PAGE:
The Special Collections Research Center participates in and supports time-based projects that leverage our local collections and related materials across other repositories.
In 2017, National Education Association Project Archivist Vakil Smallen interviewed four retired NEA staff members as part of an oral history project. These four men-Dale Lestina, Ken Melley, John Dunlop, and Richard Nuanes-were part of an important era in the history of the nation's largest professional employee organization. They all began working at NEA in the late 1960s and early 1970s, a time when the Association was re-imagining its role. Escaping its conservative past, defined by administrators, the Association began to embrace collective bargaining, strikes by educators, and a more active role in national politics. These men played key roles in that transition. The interviews have been added to the National Education Association Collection held in the Special Collections Research Center at the George Washington University. The Collection Guide can be found here. All recordings and transcripts can also be found at the Internet Archive.
In 2014, several important people who had worked on the Marion Barry 1978 mayoral campaign decided that capturing the memories of people who were part of the Barry campaign was essential to preserving history. They recruited a dedicated core group to conduct the interviews and partnered with the Special Collections Research Center at The George Washington University to serve as the collection repository. Use the Collection Guide to see a list of the interviewees and listen to the recordings and read the transcripts. All these files are also found in the Internet Archive using this link https://go.gwu.edu/marionbarryproject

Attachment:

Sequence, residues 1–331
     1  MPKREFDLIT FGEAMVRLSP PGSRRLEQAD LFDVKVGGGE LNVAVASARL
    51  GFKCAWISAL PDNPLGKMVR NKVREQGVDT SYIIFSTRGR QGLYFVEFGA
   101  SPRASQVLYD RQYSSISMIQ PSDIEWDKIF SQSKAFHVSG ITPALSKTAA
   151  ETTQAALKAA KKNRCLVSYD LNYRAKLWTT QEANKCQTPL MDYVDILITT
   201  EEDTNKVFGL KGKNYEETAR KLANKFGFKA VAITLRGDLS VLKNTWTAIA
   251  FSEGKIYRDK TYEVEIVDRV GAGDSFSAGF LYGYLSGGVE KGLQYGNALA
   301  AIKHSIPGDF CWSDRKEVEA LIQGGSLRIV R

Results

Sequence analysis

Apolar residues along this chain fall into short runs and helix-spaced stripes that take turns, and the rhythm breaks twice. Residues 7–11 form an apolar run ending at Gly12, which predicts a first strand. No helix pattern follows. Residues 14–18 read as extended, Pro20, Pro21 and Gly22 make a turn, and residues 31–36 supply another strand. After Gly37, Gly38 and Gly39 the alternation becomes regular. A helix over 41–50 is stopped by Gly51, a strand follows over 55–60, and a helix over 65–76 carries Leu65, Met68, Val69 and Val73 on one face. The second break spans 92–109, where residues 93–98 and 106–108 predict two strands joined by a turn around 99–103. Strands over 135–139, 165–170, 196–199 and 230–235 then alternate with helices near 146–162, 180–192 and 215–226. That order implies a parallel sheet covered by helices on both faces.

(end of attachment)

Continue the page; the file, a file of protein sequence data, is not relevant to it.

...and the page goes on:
- GW President's Archival Research Project
In 2016, President Knapp's office funded a one-year project to increase and share basic historical knowledge about controversial and timely events in GW’s history. Topics related to slavery, race, and diversity were the project's focus, because those were often the least-well-documented subjects in the existing secondary literature and official histories of the university. The project produced two types of resources: in-depth articles with full citations to archival and other resources and summaries, which can be found on the GW Past website.
- D.C. Africana Archives Project, 2014-2017
George Washington University's Special Collections Research Center and Africana Studies Program joined with five partner archives throughout the city to enhance access to previously unavailable research materials that document the history of the African diaspora in DC, the civil rights movements, the struggle for Home Rule, the rise of Black-owned businesses, the development of Howard University, slavery in the nation’s capital, jazz music in D.C., and the literary arts. Made possible by a grant to the GW Libraries from the Council on Library and Information Resources. See archived versions of the project website for more details.
The Special Collections Research Center collects and preserves material related to the Washington Writers' Archive. The collection focuses on Washington, D.C. writers and possesses a particular strength in the D.C. poetry community. Collection efforts include personal papers, published and unpublished works, publishing house records, and papers belonging to other writer organizations.
Explore past and present Digital Showcases that highlight GW Libraries' collections, services, and activities -- with a special focus on rare and unique materials from Special Collections.